Sudan’s security service arrests former premier


Sudan’s state security service has arrested former Prime Minister Sadiq al-Mahdi for accusing the military of human rights violations in the western city of Darfur.

“Two security officers came to al-Mahdi’s office at 8.45 pm local time (1745 GMT) and arrested him without giving any reason,” his secretary, Mohamed Zaki, said on Saturday.

The arrest comes just days after Mahdi was grilled by prosecutors for his claim that a counter-insurgency unit was involved in rape and other abuses of civilians in Darfur.

The National Intelligence and Security Service filed a complaint against Mahdi, accusing him of distorting the image of the Rapid Support Forces (RSF) and threatening public peace.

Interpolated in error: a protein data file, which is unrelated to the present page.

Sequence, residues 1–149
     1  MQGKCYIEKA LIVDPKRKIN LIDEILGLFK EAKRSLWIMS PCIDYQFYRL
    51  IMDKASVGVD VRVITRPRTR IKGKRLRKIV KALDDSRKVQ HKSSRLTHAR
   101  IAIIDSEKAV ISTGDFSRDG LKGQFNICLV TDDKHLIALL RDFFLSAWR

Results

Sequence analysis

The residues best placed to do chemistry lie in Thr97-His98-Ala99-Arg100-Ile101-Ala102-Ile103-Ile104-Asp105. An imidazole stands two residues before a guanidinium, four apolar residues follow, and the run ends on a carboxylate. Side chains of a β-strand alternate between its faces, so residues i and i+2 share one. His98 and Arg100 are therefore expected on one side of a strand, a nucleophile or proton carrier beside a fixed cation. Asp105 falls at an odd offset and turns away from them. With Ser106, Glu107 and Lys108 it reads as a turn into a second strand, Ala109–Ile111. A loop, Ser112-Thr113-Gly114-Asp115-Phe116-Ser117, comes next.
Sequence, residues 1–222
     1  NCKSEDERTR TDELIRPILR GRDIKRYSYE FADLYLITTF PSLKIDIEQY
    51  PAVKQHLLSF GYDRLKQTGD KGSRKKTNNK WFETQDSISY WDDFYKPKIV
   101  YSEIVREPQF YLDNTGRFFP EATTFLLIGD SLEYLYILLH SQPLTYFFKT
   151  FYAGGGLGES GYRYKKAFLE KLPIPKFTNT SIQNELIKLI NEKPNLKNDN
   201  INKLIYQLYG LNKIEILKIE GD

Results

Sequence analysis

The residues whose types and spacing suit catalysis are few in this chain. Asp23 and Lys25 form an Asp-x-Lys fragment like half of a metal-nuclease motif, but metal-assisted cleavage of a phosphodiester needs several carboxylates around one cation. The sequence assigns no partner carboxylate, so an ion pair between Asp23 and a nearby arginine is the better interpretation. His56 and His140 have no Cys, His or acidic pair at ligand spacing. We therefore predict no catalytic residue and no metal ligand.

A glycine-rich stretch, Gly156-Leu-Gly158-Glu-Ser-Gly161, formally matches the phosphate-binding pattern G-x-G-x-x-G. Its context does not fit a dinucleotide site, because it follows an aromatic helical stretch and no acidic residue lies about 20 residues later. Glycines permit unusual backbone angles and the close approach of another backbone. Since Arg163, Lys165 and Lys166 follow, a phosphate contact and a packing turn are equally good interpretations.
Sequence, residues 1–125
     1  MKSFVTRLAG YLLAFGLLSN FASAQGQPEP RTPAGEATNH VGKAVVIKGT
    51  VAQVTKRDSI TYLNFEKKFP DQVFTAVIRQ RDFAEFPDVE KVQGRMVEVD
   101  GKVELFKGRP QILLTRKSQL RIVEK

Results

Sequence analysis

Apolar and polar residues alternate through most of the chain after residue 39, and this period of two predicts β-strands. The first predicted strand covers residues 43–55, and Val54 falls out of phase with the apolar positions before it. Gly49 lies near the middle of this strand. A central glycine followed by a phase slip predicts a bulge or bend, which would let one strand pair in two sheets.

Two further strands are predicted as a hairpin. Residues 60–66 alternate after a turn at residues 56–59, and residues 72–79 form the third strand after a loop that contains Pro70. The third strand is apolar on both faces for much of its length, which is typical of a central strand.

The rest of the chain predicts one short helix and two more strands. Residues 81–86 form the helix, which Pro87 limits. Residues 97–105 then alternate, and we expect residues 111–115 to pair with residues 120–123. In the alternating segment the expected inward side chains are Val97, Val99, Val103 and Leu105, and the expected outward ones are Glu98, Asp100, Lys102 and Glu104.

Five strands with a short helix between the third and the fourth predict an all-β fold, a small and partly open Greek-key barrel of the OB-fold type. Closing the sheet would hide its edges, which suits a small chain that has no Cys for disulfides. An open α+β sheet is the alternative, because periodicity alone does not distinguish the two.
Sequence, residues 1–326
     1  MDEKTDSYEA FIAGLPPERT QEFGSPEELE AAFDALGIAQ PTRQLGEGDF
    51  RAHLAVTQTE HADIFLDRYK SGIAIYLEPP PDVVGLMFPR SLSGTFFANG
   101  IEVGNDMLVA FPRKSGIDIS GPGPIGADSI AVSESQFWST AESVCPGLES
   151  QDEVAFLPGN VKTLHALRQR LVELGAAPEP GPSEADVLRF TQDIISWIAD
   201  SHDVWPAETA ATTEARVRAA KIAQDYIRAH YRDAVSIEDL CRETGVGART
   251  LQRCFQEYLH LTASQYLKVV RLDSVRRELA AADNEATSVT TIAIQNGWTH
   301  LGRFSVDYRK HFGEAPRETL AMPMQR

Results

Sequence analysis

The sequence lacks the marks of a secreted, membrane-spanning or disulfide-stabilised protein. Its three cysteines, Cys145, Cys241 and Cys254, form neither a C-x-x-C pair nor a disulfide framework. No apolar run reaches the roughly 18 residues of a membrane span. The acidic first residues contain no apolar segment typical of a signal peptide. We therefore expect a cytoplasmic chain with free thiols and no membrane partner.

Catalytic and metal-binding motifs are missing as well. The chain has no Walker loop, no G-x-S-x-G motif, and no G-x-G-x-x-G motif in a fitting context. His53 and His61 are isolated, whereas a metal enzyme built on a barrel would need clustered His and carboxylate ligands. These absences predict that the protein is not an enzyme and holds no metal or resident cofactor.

Mahdi’s detention comes as some opposition parties are engaged in a “national dialogue” with the government.

He is the leader of the opposition National Umma Party. His government was overthrown in a military coup in 1989.

Sudan has experienced economic problems in recent years. The country lost billions of dollars in oil revenues after South Sudan gained independence, taking with it some 75 percent of crude production of the formerly united country.

Sudan has been plagued by running inflation and a weakening currency since then.

In January, Sudan’s President Omar al-Bashir called on the nation to take part in the political and economic revivial of the country.

“We in the National Congress Party are calling for all Sudanese to participate in this renaissance,” Bashir said in a speech to country’s political parties, cabinet members and foreign diplomats.

The speech was another call Bashir made for a broad political dialogue. It followed a December 2013 cabinet shuffle, which analysts said was aimed at calming down protesters, who took to the streets in September after the government slashed fuel subsidies.

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